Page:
I’ve had to look harder to see that we are still getting things done. Learning to balance the must-do with the fun stuff has been necessary. I’ve had to claim two appointment free days each week since several days have weekly commitments. I accepted lowering expectations—not of the kids, necessarily, but of myself. I adjust what’s within my power in order to make our weeks doable for all. Mostly, I’ve had to pray for and choose contentment. But like the season of the folding table, our hard, busy season won’t last forever. Neither will yours.
Heading Into High School
It’s almost time for high school! WHAT?! How does one even do that? My answer is, I don’t know! BUT this year has given me both a boost of confidence & a shot of excitement to try!
If you’re curious what we’re doing for 8th grade he is reading books I think he should read. That’s the theme. Books he’s read this year:
- 20,000 Leagues Under the Sea
- Trapped: How theWorld Rescued 33 Miners from 2,000 Feet Below the Chilean Desert
- James Herriot’s All CreaturesGreat & Small
- Animal Farm
- J.R.R. Tolkien’s Letters From Father Christmas
- Jack London’s White Fang & Call of the Wild
- Huckleberry Finn
- Gates of Splendor (current read)
The discussions are so good! After years of slowly pointing out literary elements over & over again, he notices them! He thoughtfully considers theme. He points out difficult moments & pulls from the text. Mamas of littles, it’ll happen.
I also assigned him the book of essays, Breakfast on Mars & we discussed essay writing, he did weekly freewrites & ended last semester with a fully polished essay.
Science: Apologia–We’ve been bouncing around the text & I assign chapters as they come up with our unit studies. He leads & explains the labs. He answers the questions. During units that have less science, I might assign a random chapter or a living science book. He’s really enjoyed Apologia this year & we’ll probably do something very similar with Apologia biology next year.
Math: Mr. D Math has taken the tears out of math & replaced it with goals of calculus. No. Joke. He loves it. We do the self-paced & it works!
History: mostly with us, though sometimes his literature lines up nicely & corresponds. With unit studies, there is often a project to display your knowledge. Next year, I’ll add more independent history reading to deepen his understanding.
Spanish: Homeschool Spanish Academy. This year is our first year & I think we’ll continue through high school. One on one tutoring with a native speaker.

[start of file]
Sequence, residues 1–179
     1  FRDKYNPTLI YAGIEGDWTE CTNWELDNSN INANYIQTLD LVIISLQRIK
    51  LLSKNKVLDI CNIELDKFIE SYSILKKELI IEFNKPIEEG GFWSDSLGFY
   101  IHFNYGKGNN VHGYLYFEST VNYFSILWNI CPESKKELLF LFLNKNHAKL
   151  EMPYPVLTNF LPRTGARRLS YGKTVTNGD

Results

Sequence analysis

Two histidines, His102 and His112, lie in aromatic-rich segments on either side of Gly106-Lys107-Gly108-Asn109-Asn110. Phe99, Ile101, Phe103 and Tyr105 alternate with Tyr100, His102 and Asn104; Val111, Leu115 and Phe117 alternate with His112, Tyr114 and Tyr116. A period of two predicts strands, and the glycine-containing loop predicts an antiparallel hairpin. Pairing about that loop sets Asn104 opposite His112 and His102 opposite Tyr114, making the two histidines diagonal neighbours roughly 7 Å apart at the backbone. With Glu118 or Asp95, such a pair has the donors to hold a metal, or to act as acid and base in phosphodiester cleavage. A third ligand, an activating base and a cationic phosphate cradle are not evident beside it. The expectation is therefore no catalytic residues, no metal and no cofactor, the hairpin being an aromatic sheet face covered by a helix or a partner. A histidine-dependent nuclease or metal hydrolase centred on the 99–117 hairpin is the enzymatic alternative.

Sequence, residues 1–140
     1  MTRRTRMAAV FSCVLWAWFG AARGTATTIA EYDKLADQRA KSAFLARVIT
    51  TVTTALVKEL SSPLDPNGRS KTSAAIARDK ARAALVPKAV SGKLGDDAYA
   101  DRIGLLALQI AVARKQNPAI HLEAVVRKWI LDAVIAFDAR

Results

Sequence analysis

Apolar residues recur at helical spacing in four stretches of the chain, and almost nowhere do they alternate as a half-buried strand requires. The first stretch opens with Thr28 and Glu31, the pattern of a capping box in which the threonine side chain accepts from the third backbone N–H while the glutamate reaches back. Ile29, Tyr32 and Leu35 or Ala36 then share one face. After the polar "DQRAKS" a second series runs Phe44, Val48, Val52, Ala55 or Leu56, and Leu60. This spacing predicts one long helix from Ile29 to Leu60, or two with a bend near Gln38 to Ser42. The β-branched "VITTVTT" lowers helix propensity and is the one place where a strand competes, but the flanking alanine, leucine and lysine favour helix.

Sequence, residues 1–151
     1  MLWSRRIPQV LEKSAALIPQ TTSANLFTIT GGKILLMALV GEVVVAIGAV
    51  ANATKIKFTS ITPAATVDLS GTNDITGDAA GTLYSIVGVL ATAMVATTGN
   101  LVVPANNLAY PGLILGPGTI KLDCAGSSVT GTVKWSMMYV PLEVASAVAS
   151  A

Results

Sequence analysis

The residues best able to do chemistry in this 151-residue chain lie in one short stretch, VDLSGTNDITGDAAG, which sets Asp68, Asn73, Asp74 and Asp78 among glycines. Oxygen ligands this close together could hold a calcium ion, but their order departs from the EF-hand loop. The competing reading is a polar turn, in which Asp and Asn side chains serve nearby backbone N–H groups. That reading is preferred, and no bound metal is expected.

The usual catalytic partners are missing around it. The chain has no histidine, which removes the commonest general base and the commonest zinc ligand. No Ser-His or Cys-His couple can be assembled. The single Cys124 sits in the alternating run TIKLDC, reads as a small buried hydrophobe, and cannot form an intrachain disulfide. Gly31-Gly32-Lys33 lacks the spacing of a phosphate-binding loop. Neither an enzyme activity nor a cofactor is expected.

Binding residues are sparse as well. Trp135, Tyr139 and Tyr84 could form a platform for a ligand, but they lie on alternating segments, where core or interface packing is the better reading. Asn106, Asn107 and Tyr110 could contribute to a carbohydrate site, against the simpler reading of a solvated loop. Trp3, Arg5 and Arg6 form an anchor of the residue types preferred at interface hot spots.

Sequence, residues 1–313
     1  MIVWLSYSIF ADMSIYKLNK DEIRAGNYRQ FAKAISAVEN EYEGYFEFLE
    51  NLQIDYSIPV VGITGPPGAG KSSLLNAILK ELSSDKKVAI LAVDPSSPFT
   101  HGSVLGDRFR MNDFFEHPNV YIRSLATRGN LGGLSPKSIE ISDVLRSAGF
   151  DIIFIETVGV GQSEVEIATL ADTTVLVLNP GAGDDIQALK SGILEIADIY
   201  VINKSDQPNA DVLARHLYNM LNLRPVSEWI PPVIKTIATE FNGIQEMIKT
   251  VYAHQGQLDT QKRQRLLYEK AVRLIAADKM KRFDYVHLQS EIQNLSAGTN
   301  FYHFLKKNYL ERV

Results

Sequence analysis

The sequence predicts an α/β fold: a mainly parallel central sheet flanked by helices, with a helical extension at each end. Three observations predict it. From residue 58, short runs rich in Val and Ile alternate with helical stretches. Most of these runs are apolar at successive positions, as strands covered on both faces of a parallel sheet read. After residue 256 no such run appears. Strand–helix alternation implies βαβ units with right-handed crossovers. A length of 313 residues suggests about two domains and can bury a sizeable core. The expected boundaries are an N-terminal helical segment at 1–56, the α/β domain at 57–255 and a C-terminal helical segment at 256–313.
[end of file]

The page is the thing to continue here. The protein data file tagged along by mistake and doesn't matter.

Creative Writing: with Jonathan Rogers through Compass Classroom. It’s a high school 1/2 credit which he’ll do this spring. Next year, I’ll count essays/papers for history/LA + his reading for the other 1/2 credit.
Have you heard of strength-based learning?
Last year I had them create a biography project on a person who is known for their work with animals. One chose to write & insert comics. One chose a illustrate a picture book. And one built a diorama. And this perfectly describes how my boys learn. One writes. One draws. One builds. One loves words & language. One thinks in pictures. One is figuring out how go together.
Whether it’s the end project of a unit study or their own passion project, they love to display what they know through their strengths. (Isn’t that true for us? You won’t hear me singing an aria about nature, but I might paint you a picture).
As we discussed end projects for our current art & light unit, one is thinking about more of a written report on light & optics & color with supporting illustrations, one wants to do a series of drawings & paintings, and one…honestly isn’t sure what he’ll do yet. But I’m giving them time& space to use their strengths (and the littlest will decide later, too!)
Clearly this doesn’t mean ignore challenges they have. But in the same way that I prefer to learn in a certain way, work on my issues little by little, and play to my strengths, I allow that same grace to my kids. And you know what, they flourish & blow me away with their knowledge and how much they grow in their challenge areas, too!
End of the Day
I’d like to say everything gets cleaned up & put away at the end of the day, but it rarely does. Instead I manage the piles & put them away on the weekend. So what you see here are art journals left out to dry, a box we’re saving for a pinhole camera experiment, reading curriculum, our devotion book, a mirror for self portraits…you get the idea. And it’s all nested under a glorious painting my son did when he was 3 & the canvas was bigger than him.
This is our homeschool.
I hope you enjoyed a peek into our world & I’d love to see you over @happilyevercaffeinated where we are constantly adjusting & pivoting to our current homeschool season & needs while savoring creativity & wonder. I hope you take the plunge to truly customize your homeschool, get messy at times, and lean into the strengths of your children.
THANK YOU SO MUCH TO LYDIA FOR SHARING YOUR FAMILY’S DAY WITH US!
If you want to see more Day in the Life photos and videos, be sure to check out our Instagram profile. There are highlights of each takeover at the top.